began travelling at uni.

“But it wasn’t until we retired

in our early 50s that we

started in ernest,” Gary said.

“Since retiring we have been

travelling pretty well every

month for about 10 years –

some months may entail a few

days’ and domestic travel…

other times we may be overseas

for a month.”

With several hundred trips,

the couple offered their top


l For spectacular scenery

– think Norwegian Coast,

the Antarctic and South


l Wildlife – Galapagos, Antarctica,

New Guinea.

l Great Cities – New York, St

Petersburg, Tokyo.

l History and Culture – Europe.

l Islands – Hawaiian, Tahitian

and Cook Islands.

l Great Diving – Micronesia

(Shipwrecks); Heron Island

(Coral and Fish)

l Hiking / Bushwalking –

New Zealand.

l Australia’s Best – Kimberley

Coast, Barrier Reef, Tasmanian

South West.

The couple love being

on the water (they owned a

38’ catamaran which they

sailed along the Australian

east coastal and estuarine

waters for 10 years) and

have undertaken cruises on

ships to New Zealand, Asia

(Vietnam, China, Japan),

down the Mekong, along the

Norwegian coast, Patagonia,

Antarctic and South Georgia,

the Galapagos Islands and the

to like about cruising – what

you get out of it depends on

the individual,” said Gary.

“We like comfort (good food,

nice cabin, showers and good

staff) but we also like remote

and interesting locations.

“We appreciate having

wildlife experts aboard to

talk about the location and its

inhabitants and we like getting

off the vessel regularly to


“This will necessitate being

aboard a small vessel and

small numbers of passengers.”

The couple’s most recent

trip was to the Antarctic and

South Georgia – a “bucket list

destination” they experienced

on a Ponant expedition.

* Sharon Godden from Travel

View Avalon is gearing up

for an Antarctic adventure

in November with Wild Earth

Travel. She’s keen to hear

from potentially interested

locals; phone 9918 6007.



Simple plan for the future


MP Rob Stokes talks to Lisa Offord about recent local health and community developments.

The flurry of major announcements

in late 2016

will see Pittwater enter exciting

times, says local MP Rob Stokes.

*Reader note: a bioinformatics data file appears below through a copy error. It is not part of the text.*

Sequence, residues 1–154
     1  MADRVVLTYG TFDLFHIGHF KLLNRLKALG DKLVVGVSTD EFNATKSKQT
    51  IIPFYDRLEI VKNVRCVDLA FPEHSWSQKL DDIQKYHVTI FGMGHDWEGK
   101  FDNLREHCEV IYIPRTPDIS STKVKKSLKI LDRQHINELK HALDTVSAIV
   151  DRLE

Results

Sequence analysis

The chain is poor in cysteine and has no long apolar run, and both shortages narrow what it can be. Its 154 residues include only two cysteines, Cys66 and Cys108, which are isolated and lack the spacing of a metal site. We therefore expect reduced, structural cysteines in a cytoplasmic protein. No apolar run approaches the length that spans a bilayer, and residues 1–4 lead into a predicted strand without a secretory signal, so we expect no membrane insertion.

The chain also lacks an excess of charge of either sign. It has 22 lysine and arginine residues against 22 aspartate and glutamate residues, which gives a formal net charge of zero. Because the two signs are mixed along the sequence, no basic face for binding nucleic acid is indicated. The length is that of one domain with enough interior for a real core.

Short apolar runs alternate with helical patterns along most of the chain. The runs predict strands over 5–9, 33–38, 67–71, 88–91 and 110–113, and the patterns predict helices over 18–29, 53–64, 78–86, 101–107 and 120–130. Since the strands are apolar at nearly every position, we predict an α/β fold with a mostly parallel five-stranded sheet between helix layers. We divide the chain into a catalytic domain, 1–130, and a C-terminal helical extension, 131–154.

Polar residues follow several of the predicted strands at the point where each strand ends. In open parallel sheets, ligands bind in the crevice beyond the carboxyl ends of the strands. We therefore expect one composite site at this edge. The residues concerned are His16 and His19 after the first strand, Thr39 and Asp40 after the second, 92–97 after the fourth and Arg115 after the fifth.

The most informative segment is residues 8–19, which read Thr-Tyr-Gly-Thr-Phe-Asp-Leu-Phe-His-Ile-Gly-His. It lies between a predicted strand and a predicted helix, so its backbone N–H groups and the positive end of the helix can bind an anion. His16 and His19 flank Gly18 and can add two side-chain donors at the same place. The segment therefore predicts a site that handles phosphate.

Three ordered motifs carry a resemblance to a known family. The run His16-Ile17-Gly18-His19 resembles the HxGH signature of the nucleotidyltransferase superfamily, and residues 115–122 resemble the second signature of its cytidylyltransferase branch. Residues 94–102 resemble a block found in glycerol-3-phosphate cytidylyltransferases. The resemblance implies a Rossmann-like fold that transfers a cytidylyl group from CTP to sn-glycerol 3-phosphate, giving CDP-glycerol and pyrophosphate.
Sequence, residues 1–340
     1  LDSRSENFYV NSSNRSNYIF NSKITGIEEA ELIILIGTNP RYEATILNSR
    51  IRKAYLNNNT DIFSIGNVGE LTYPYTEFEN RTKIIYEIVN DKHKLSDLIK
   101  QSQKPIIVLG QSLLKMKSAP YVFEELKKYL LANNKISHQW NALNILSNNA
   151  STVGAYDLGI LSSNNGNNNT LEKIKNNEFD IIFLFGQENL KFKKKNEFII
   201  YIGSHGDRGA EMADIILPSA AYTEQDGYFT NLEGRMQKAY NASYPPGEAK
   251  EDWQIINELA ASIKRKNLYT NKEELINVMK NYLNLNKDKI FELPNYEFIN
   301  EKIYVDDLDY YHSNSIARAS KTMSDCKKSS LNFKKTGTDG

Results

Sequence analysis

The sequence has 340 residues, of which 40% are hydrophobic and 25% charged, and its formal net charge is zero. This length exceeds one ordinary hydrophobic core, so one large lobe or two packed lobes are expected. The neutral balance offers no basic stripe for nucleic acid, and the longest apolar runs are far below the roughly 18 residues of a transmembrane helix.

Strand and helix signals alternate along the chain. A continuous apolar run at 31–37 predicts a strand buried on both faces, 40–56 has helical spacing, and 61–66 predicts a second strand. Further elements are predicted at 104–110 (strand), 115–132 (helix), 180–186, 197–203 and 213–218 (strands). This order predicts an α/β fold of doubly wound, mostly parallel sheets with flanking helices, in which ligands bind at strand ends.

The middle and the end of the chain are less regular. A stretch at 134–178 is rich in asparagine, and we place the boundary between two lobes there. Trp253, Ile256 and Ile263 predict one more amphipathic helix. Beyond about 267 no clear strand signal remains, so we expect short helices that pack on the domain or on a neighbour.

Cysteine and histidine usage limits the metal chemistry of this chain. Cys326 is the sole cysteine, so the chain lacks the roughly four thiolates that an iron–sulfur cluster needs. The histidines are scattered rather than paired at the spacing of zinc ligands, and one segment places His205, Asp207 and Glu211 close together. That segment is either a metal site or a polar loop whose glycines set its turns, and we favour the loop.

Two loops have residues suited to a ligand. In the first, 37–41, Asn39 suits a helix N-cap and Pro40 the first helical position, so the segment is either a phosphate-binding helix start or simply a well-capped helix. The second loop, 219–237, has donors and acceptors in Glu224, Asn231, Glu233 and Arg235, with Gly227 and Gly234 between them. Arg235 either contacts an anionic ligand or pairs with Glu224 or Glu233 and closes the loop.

And he has a simple message

to community members

concerned about change: to

preserve the essence of Pittwater

there needs to be some

“give and take”.

With passionate interest

in environmental land use,

planning heritage and sustainability,

Mr Stokes bubbles

with enthusiasm about the

announcement of the new community

at Ingleside.

“I talked about Ingleside in

my maiden speech – it is an

opportunity for us to get things

right on the beaches,” he said.

With up to 3,400 houses and

terraces to be built on 15 hectares

of open space and a further

200 hectares of preserved

bushland, the suburb will set

unprecedented standards for

sustainability, Mr Stokes said.

Draft plans, which include

proposals for electric vehicle

recharging points and LED

street lighting, also feature a

town centre, a neighbourhood

centre, a primary school and

other community facilities.

Mr Stokes said the land

would be developed with environmental

protection levels

higher than ever seen before in


“We want Ingleside to be a

lighthouse development for

sustainability and we are going

to investigate how we can actually

make that work.”

He said there were several

key restraints planners needed

to observe.

“All the water ends up in the

Narrabeen Lagoon catchment

so we need to be careful about

how we manage riparian corridors

and water flow,” he said.

The new expanded suburb

would also be car dependant.

“We have to work out how we

enable electric vehicles (EVs)

and embed that technology

from the very beginning but

also how we encourage people

to use public transport, rather

than their car.

“We are upgrading Mona Vale

Road... we don’t want to fill it

with cars alone – but also with

new buses between Mona Vale

and Macquarie Park,” he said.

Mr Stokes said the challenge

would be keeping a lid on costs

of building the foundations of

a sustainable community.

“You want to get as many of

the sustainability outcomes as

possible, but that puts upward

pressure on house prices and

you don’t want it to be an unaffordable

community either.”

It’s expected the Ingleside development

will be two decades

in the making.

“It is going to take time… it

is calibrated with Mona Vale

Road, which in itself is going to

take a few years,” he said.

(The $90 million upgrade

and widening of Mona Vale

Road between Mona Vale and

Ingleside is expected to be

finished by 2020.)

Mona Vale Hospital

The Mona Vale Hospital precinct

will continue to grow,

with registrations of interest